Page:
The training phase required a couple of hours and a hundred epochs to reach a final accuracy score of 0.90 ~ 0.92.

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The result has been a deep learning model, served through Amazon SageMaker, and invoked as an HTTP endpoint.
It required having data scientists available to handle the task, prepare the dataset, build the network, and fine-tune the training phase to reach that score.

Amazon Rekognition Custom Labels

As soon as AWS released Rekognition Custom Labels, we decided to compare the results to our Visual Clean implementation to the one produced by Rekognition.

Upload images

The first step to create a dataset is to upload the images to S3 or directly to Amazon Rekognition.

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Recently, the capability to upload images into the console has been added. However, reproducibility is fundamental in an industrial project, so we decided to upload data into an S3 bucket, divided into a folder for each label to predict, in our case, dirty and clean. Massive data uploads can be achieved through the command line with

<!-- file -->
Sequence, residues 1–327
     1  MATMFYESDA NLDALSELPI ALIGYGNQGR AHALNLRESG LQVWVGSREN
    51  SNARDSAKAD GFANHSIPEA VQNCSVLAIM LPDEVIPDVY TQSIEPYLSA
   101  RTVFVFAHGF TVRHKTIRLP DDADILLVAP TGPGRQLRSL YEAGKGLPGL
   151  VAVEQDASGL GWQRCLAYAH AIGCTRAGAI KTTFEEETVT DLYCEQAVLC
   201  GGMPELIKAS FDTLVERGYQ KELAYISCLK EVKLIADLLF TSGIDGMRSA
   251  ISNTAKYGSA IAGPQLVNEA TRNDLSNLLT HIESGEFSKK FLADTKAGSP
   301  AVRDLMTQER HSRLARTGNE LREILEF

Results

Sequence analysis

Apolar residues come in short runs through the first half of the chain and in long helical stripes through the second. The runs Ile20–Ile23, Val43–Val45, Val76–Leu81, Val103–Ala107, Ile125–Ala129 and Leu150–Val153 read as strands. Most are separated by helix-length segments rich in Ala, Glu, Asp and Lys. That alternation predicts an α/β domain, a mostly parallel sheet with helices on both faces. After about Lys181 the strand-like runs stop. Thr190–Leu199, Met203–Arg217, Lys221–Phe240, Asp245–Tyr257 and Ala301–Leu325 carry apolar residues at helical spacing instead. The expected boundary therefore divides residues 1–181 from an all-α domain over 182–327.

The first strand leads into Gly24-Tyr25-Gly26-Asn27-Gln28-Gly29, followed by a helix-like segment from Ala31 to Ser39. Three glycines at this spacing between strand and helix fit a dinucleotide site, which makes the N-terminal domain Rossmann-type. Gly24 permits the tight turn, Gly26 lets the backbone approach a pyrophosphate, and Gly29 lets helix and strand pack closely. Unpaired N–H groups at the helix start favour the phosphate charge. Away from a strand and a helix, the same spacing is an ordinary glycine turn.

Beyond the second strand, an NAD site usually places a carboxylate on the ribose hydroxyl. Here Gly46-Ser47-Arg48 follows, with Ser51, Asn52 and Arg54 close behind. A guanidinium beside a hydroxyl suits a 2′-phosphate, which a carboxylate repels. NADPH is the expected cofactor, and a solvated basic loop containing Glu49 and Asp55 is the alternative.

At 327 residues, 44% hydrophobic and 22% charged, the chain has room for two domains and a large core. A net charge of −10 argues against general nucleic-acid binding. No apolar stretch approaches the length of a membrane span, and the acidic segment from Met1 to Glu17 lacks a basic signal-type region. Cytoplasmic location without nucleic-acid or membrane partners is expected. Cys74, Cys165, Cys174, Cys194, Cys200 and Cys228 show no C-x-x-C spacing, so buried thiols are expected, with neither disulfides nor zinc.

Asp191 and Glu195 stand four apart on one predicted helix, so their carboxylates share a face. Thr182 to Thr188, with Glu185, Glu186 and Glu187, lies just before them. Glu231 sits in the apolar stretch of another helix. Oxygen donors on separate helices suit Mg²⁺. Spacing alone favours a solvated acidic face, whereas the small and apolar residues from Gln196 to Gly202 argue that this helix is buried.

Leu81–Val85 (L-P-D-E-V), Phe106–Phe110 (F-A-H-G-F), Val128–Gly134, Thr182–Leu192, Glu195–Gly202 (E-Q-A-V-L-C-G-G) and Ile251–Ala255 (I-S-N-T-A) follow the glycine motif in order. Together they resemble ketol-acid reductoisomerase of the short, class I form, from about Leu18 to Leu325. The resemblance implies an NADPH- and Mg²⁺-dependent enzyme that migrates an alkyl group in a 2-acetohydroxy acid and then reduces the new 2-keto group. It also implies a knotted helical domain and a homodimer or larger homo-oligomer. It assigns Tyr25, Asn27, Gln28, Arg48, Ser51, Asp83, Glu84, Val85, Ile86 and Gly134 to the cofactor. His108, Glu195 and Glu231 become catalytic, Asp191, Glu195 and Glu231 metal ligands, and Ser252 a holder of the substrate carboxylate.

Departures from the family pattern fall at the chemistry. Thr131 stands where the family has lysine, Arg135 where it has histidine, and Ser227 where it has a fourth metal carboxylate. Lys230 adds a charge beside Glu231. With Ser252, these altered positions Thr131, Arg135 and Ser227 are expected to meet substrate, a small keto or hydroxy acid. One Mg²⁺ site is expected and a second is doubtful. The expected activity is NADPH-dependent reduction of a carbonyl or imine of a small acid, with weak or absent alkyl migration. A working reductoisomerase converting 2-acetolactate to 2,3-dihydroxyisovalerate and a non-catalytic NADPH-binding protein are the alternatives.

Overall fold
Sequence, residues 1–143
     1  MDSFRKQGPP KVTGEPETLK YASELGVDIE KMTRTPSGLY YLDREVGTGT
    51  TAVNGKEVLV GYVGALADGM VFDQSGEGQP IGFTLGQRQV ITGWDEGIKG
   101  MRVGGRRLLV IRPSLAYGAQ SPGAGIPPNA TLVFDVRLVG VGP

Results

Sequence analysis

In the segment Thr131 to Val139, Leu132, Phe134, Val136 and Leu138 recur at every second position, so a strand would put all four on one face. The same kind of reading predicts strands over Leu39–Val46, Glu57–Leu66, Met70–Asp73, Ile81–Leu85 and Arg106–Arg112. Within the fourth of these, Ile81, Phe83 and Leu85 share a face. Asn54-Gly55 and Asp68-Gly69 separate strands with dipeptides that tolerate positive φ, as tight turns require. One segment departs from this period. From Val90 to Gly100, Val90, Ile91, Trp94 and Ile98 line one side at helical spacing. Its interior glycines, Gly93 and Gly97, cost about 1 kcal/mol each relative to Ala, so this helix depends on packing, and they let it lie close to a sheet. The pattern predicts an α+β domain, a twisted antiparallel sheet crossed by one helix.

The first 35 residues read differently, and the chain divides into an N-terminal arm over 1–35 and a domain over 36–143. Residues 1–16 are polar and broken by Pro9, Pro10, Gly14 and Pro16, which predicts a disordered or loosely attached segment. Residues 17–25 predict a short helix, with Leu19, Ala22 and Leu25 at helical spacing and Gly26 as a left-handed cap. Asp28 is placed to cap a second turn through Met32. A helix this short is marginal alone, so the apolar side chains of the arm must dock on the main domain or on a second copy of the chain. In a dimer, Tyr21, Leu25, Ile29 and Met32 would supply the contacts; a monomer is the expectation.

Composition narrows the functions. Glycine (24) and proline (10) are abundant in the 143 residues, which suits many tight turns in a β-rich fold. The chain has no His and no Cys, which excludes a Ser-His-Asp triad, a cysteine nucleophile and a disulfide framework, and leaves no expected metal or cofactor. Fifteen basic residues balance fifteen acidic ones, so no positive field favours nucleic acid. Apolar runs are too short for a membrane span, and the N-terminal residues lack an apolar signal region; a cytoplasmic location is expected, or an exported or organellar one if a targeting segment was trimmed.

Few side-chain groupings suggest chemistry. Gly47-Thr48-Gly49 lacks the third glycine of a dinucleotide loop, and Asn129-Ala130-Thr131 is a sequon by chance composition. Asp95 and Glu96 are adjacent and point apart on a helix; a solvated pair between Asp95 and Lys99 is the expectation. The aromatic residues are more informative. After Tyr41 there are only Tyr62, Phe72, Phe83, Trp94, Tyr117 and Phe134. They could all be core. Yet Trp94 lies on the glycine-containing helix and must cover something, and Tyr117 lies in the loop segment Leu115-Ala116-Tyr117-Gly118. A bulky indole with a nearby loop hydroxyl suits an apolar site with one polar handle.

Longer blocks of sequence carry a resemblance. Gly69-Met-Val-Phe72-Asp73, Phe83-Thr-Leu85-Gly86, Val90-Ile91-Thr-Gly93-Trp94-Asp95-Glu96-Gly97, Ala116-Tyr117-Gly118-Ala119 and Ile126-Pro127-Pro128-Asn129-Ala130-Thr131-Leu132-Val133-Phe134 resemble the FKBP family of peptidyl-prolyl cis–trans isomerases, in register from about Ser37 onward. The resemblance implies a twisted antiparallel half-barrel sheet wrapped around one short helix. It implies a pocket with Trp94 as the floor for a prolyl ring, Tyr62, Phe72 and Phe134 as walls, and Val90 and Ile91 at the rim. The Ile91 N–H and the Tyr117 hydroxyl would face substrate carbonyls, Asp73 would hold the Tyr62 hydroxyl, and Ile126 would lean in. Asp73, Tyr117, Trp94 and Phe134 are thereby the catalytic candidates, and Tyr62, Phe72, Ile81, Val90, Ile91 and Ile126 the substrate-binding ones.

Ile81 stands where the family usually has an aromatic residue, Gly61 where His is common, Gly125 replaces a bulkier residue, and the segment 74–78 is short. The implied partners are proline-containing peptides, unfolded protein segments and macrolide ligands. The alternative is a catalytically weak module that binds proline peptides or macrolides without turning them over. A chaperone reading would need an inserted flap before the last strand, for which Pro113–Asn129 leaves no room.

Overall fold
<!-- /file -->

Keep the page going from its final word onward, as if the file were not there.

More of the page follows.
aws s3 sync <source_path> s3://<destination_bucket>
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Once images have been uploaded, access policy must be set on the bucket to ensure Amazon Rekognition will access data. This can be done by adding to the bucket policies (in bucket properties within S3):

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Create a dataset

Once images have been uploaded, a dataset can be created, providing a manifest file describing the available type of data.